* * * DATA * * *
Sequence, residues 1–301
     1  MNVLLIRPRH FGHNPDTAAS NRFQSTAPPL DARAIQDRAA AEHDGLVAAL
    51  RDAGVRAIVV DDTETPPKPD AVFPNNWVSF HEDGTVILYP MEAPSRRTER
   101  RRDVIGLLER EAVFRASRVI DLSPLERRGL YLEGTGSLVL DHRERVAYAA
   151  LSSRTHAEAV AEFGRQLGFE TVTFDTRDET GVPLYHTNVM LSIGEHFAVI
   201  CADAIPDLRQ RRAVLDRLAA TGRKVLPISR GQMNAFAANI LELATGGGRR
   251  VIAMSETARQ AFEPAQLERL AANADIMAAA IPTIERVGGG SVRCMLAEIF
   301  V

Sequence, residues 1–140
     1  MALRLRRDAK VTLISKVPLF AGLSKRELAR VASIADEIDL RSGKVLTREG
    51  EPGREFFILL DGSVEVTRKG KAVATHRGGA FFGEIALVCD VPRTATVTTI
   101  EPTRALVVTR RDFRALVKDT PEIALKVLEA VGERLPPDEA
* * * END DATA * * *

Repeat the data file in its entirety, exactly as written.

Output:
Sequence, residues 1–301
     1  MNVLLIRPRH FGHNPDTAAS NRFQSTAPPL DARAIQDRAA AEHDGLVAAL
    51  RDAGVRAIVV DDTETPPKPD AVFPNNWVSF HEDGTVILYP MEAPSRRTER
   101  RRDVIGLLER EAVFRASRVI DLSPLERRGL YLEGTGSLVL DHRERVAYAA
   151  LSSRTHAEAV AEFGRQLGFE TVTFDTRDET GVPLYHTNVM LSIGEHFAVI
   201  CADAIPDLRQ RRAVLDRLAA TGRKVLPISR GQMNAFAANI LELATGGGRR
   251  VIAMSETARQ AFEPAQLERL AANADIMAAA IPTIERVGGG SVRCMLAEIF
   301  V

Sequence, residues 1–140
     1  MALRLRRDAK VTLISKVPLF AGLSKRELAR VASIADEIDL RSGKVLTREG
    51  EPGREFFILL DGSVEVTRKG KAVATHRGGA FFGEIALVCD VPRTATVTTI
   101  EPTRALVVTR RDFRALVKDT PEIALKVLEA VGERLPPDEA